CNBC's house blowhard, Charlie Gasparino, laughed at the "securities fraud" line, saying, "Try proving that one." The Atlantic's online Randian cyber-shill, Megan McArdle, said Rolling Stone had "absurdly" accused Goldman of committing a crime, arguing that "Goldman's customers for CDOs are not little grannies who think a bond coupon is what you use to buy denture glue." Former Wall Street Journal reporter Heidi Moore hilariously pointed out that Goldman wasn't the only one betting against the housing market, citing the short-selling success of – you guessed it – John Paulson as evidence that Goldman shouldn't be singled out.
The truth is that what Goldman is alleged to have done in this SEC case is even worse than what all these assholes laughed at us for talking about last year.
Prior to the "Bubble Machine" piece, I had heard rumors that Goldman had gone out and intentionally scared up toxic mortgages and swaps in order to get short of them with sucker bookies like AIG. But – and this seems funny in retrospect – I foolishly dismissed those tales as being too conspiratorial. I thought it was bad enough that Goldman was shorting the subprime market even as it was selling toxic subprime-backed securities to chumps on the open market. The notion that the bank would actually go out and create big balls of crap that would be designed to fail seemed too nuts even for my tastes.
In the year since – and this, to me, is the main lesson from the SEC case against Goldman – the public has quickly come to accept that when it comes to the once-great institutions of modern Wall Street, literally no deal that makes money is too low to be contemplated.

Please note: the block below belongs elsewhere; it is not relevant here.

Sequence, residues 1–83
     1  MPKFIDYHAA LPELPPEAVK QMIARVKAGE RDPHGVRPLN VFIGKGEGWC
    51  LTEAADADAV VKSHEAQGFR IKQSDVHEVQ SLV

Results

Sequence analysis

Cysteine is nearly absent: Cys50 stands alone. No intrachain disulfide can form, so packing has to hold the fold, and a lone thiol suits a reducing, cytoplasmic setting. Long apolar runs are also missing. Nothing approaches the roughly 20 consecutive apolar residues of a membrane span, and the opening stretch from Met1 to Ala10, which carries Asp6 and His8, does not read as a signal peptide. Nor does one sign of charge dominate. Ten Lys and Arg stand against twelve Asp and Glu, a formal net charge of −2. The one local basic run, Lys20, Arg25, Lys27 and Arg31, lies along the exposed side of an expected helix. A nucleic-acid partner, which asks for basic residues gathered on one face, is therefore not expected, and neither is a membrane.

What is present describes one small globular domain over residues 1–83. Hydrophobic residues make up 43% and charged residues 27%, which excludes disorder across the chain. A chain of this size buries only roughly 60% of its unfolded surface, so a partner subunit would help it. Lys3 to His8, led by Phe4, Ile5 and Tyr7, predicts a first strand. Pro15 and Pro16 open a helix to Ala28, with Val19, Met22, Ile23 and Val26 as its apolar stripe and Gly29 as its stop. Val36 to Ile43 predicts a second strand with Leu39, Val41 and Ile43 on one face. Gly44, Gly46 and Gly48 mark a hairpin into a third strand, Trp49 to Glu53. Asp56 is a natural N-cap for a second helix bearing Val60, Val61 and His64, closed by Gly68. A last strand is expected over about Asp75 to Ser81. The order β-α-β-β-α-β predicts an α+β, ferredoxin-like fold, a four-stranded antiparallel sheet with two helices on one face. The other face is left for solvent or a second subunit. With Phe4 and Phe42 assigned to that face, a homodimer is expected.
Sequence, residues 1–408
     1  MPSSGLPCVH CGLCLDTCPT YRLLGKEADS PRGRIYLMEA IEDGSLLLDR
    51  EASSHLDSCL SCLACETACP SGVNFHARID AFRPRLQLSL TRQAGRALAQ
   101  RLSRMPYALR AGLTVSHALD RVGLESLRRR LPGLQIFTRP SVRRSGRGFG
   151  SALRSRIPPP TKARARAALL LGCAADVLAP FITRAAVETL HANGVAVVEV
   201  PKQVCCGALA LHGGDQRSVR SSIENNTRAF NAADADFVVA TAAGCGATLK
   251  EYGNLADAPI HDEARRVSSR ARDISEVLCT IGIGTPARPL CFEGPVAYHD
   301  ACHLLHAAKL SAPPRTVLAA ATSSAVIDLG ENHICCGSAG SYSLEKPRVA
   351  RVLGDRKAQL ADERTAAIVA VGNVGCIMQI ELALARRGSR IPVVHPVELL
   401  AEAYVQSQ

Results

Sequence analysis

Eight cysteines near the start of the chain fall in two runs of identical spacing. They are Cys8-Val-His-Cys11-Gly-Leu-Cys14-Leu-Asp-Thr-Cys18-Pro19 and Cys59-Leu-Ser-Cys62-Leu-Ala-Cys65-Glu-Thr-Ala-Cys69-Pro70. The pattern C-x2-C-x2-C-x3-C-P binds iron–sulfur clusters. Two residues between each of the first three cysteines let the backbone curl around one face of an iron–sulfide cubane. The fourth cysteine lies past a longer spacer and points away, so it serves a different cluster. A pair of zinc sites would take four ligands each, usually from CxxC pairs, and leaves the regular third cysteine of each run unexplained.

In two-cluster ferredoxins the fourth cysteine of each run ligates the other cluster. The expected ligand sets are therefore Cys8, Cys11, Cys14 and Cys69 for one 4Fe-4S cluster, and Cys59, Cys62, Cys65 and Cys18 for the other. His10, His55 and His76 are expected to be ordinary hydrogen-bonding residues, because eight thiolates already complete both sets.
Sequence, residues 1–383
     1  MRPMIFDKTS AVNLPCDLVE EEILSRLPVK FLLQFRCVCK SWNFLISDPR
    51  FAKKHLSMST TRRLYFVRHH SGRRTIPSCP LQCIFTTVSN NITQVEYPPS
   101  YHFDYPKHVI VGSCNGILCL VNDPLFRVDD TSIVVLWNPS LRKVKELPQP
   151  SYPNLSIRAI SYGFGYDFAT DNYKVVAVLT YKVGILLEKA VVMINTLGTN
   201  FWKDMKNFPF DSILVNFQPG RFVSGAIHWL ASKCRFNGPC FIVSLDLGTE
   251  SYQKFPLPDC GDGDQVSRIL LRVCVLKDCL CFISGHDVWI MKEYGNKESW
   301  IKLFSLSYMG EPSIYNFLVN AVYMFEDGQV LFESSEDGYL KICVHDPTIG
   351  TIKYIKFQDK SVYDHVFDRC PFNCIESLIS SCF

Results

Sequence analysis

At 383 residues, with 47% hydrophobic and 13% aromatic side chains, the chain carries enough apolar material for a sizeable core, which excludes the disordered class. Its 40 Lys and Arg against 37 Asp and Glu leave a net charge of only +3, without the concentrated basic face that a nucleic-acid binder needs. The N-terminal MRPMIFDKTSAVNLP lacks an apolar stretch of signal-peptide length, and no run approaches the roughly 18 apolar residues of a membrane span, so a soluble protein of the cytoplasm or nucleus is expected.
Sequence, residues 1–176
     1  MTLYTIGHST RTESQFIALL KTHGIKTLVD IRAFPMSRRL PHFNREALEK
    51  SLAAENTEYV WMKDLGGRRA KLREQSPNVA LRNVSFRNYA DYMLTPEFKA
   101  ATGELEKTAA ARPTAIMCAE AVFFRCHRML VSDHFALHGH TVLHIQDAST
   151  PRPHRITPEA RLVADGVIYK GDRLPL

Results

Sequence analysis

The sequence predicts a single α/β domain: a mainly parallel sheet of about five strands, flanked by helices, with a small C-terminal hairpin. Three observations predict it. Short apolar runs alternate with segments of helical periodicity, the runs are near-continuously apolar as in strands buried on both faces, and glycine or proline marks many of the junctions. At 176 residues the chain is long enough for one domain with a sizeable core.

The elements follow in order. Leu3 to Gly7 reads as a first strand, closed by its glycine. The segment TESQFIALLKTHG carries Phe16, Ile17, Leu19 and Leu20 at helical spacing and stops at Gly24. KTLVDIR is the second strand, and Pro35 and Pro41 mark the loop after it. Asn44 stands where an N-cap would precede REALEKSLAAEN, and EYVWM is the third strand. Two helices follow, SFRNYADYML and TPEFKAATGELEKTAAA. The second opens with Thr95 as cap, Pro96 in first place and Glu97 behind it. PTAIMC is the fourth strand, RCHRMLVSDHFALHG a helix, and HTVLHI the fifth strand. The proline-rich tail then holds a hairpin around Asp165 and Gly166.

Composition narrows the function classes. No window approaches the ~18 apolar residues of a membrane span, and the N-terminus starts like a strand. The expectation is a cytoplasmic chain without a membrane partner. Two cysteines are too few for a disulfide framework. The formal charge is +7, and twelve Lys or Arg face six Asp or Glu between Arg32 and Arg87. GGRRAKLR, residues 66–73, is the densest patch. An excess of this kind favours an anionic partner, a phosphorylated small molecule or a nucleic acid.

The nearly identical case involving a Merrill Lynch mortgage deal called Norma now making its way through the courts is just one example. There is more fraud out there, and everyone knows it: front-running, manipulation of the commodities markets, trading ahead of interest-rate moves, hidden losses, Enron-esque accounting, Ponzi schemes in the precious-metals markets, you name it. We gave these people nearly a trillion bailout dollars, and no one knows what service they actually provide beyond fraud, gross self-indulgence and the occasional transparently insincere public apology.
The Goldman case emerges as a symbol of all this brokenness, of a climate in which all financial actors are now supposed to expect to be burned and cheated, even by their own bankers, as a matter of course. (As part of its defense, Goldman pointed out that IKB is a "sophisticated CDO market participant" – translation: too fucking bad for them if they trusted us.) It would be nice to think that the SEC suit is aimed at this twisted worldview as much as at the actual offense. Some observers believe the case against Goldman was timed to pressure Wall Street into acquiescing to Sen. Chris Dodd's loophole-ridden financial-reform bill, which probably won't do much to prevent cases like the Abacus fiasco. Or maybe it's just pure politics – Democrats dropping the proverbial horse's head in Goldman's bed to get their fig-leaf financial-reform effort passed in time for the midterm elections.
Whatever the long-range motives, the immediate effect of the lawsuit is to put Wall Street's crazy fraud ethos on trial in the court of public opinion. For now, at the end of the first quarter, Goldman and most of the other big banks are still winning that case. But the second quarter might be a different story.
This article originally appeared in RS 1104 from May 13, 2010. This issue and the rest of the Rolling Stone archives are available via Rolling Stone Plus, Rolling Stone's premium subscription plan. If you are already a subscriber, you can click here to see the full story. Not a member? Click here to learn more about Rolling Stone Plus.